Social networking has a reputation. A lot of people make assumptions about it. Such as, "social networking is for narcissists," or " social networking is shallow and prevents us from going deep." I'm a guy who loves social networking and even wrote a book about it. But I agree with people who say these things. Let me explain.
While I do believe that her modern technology and culture have afforded us tools we've never had before for sharing the gospel, forging relationships, and making a difference in the world, I also believe that modern technology has brought a whole new set of risks with it. Of course, I would say that about the technology of any era.
As far as I am concerned, the Internet and the social networking platforms that exist on it are tools. Therefore, it's all in how we use the tools. Social networking can be used for good or for bad. And it can bring out the worst of us and the best of us. But so that we don't throw the baby out with the bathwater, let me emphatically say that social networking is absolutely a tool that modern Christians need to be using to share the good news of Jesus. We simply need to be on guard.
1. We need to guard our hearts.
One of the most dangerous tendencies that comes along with an active social networking life is the tendency to allow our egos to become inflated by what people say about us online. Social networking, by its very nature, has stimulated a culture of flattery and empty compliments. It is certainly not bad to compliment people. But it can be dangerous if we choose to receive those compliments with a wrong spirit. So we have to learn to self-deflate.
On the flip side is the tendency to take criticism to heart. And online, it is very easy for people to heartlessly fire shots from behind their computers without considering the feelings of others. Whether a simple word of judgmental criticism or outright bullying, the online world can be a cruel place.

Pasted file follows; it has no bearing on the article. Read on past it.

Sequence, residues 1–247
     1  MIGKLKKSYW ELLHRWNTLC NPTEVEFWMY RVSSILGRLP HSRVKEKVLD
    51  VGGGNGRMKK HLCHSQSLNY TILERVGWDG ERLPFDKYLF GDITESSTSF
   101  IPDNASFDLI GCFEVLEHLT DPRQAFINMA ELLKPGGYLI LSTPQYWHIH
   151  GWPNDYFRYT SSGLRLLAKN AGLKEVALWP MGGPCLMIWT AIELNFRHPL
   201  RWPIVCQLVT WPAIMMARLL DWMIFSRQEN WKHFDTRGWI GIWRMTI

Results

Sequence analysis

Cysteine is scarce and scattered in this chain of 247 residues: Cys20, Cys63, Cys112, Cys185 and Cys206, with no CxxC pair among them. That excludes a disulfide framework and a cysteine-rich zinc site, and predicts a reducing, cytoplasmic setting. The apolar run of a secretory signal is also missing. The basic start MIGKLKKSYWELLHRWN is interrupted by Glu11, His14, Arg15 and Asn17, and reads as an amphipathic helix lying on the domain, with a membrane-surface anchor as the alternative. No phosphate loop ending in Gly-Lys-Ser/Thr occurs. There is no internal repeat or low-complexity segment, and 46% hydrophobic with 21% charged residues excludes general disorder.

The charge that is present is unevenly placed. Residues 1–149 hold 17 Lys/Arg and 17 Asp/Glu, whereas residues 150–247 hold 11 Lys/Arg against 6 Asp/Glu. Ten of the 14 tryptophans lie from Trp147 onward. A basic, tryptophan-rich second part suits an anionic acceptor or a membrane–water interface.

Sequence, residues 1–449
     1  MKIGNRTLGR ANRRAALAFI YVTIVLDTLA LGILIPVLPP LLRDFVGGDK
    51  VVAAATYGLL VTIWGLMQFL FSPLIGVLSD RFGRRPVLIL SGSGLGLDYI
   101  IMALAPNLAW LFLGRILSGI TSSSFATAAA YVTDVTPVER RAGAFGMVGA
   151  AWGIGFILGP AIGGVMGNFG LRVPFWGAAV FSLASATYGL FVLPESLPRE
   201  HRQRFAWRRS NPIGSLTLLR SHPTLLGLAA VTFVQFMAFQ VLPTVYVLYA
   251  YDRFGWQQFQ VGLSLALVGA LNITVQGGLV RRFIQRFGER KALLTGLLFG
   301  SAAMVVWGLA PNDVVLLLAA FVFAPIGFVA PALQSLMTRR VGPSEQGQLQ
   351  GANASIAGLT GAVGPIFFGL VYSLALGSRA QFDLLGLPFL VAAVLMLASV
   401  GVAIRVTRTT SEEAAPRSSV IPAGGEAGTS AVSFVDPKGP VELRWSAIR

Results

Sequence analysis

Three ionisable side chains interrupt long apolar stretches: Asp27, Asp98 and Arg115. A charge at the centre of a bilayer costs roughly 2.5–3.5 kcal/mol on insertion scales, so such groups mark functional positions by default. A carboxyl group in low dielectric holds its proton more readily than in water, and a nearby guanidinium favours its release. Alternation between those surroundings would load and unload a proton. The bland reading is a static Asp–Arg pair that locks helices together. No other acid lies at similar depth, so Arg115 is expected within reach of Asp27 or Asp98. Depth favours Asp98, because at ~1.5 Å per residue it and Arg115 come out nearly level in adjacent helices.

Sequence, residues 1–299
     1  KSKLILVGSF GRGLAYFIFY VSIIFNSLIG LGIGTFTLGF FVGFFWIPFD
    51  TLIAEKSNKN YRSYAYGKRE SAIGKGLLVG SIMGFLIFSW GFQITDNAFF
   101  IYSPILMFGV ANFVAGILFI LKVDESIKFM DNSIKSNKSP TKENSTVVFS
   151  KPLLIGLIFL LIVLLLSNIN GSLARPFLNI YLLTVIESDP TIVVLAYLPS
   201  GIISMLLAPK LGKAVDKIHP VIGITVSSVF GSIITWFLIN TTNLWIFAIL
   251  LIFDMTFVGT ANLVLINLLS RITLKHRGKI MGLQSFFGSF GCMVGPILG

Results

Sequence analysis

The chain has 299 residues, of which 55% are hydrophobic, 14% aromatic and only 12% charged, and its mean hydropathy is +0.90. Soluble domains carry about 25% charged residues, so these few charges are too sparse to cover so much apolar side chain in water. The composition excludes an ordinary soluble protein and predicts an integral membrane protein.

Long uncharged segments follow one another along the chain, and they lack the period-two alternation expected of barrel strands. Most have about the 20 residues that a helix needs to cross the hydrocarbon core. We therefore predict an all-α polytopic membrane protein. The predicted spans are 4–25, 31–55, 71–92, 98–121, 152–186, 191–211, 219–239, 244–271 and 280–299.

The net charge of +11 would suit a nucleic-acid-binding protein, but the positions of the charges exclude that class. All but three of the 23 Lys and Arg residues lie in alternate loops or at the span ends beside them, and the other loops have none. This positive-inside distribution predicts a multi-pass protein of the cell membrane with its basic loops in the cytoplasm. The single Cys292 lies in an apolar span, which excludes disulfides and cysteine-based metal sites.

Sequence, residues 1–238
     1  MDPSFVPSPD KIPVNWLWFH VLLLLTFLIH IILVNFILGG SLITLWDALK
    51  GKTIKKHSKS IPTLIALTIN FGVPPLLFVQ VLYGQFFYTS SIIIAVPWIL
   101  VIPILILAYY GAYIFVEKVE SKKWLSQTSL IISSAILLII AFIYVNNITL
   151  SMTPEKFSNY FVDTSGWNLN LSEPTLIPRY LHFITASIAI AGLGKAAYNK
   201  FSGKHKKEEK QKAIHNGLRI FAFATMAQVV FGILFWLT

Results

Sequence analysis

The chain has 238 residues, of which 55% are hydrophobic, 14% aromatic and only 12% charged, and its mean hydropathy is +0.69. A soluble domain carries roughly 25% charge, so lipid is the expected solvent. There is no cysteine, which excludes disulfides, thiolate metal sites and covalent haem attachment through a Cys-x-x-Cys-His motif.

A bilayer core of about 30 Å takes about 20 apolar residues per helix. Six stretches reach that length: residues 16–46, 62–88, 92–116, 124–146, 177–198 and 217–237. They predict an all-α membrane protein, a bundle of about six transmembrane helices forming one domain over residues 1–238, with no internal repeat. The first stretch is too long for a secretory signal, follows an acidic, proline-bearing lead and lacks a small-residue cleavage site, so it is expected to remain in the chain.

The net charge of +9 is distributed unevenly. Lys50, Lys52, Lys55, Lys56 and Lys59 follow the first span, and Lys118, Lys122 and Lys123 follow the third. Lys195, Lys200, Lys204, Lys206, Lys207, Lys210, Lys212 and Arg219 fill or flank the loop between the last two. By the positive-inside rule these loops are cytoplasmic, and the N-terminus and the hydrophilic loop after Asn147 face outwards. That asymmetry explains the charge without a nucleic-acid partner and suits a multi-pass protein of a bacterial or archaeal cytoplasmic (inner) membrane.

To face it well, we need to have our hearts guarded by a strong sense of who we are in Christ. Just as in the real world, it is this well-defined sense of identity that protects us from the onslaught of both praise and criticism.
2. We need to guard our eyes.
When the Bible talks about the temptation that Eve faced from the serpent in the Garden of Eden, it says that she "saw that the fruit was good." The New Testament fleshes out this principle by saying that temptation often appeals to the "lust of our eyes." It's often what we see that gets us in trouble, if we allow it to take up residence in our minds.
We live in a lewd world that doesn't necessarily value modesty, so in the world of online social networking, from advertisements to entire segments of the web, we are tempted by a barrage of visually appealing temptations. To say that Christians should avoid pornography is obvious, but there are far more subtle ways that we fall into the trap of having unguarded eyes. Advertisements will pop up in Facebook's right sidebar that we need to let go of quickly, and sometimes report. Instagram, Pinterest, and other photography-based social networks are certainly gamed by the adult industry. And Youtube and other video-based social networking sites are a virtual minefield of visual temptation.
Guarding our eyes gets practical. It means looking away, clicking away, and distracting ourselves with something more pure and positive.
3. We need to guard other people.
Starting with those closes to us, we need to guard the people whom we love and with whom we interact. If you are the head of your household, it's your responsibility to be aware of what could be showing on a computer screen near you. With dozens of tools for filtering available, including OpenDNS (which is free and protects at the router-level), it's imperative that we not be naive and that we assume that pornography and other dangerous materials will be seen by our household members if we don't take precautions to protect against it.
Protecting others online also means protecting their hearts and their relational well-being. Flirting with an old flame can destroy two families. Harshly criticizing someone we only know by their Twitter profile can cause deep wounds on the other side of the keyboard. We have the responsibility, when we interact with others, to watch out for their emotional well-being as much as our own.
It's an open world. Anyone can say anything to everyone, which presents a set of dangers that may have always existed, but which have been amplified by the affordability and accessibility of online communication.
So when you're online, be on guard.
Brandon Cox became a pastor at age nineteen and has served in that role in small churches, as well at Saddleback Church, one of America's largest and most influential churches. He's now planting Grace Hills Church in northwest Arkansas. Brandon also serves as editor, mentor, and community facilitator for Pastors.com and Rick Warren's Pastor's Toolbox, one of the world's largest online communities of church leaders. He's an avid, top 100 blogger (according to Kent Shaffer's semiannual list) and lives in Bentonville, Arkansas with his wife, Angie, and their three awesome kids. His book "Rewired" releases in February.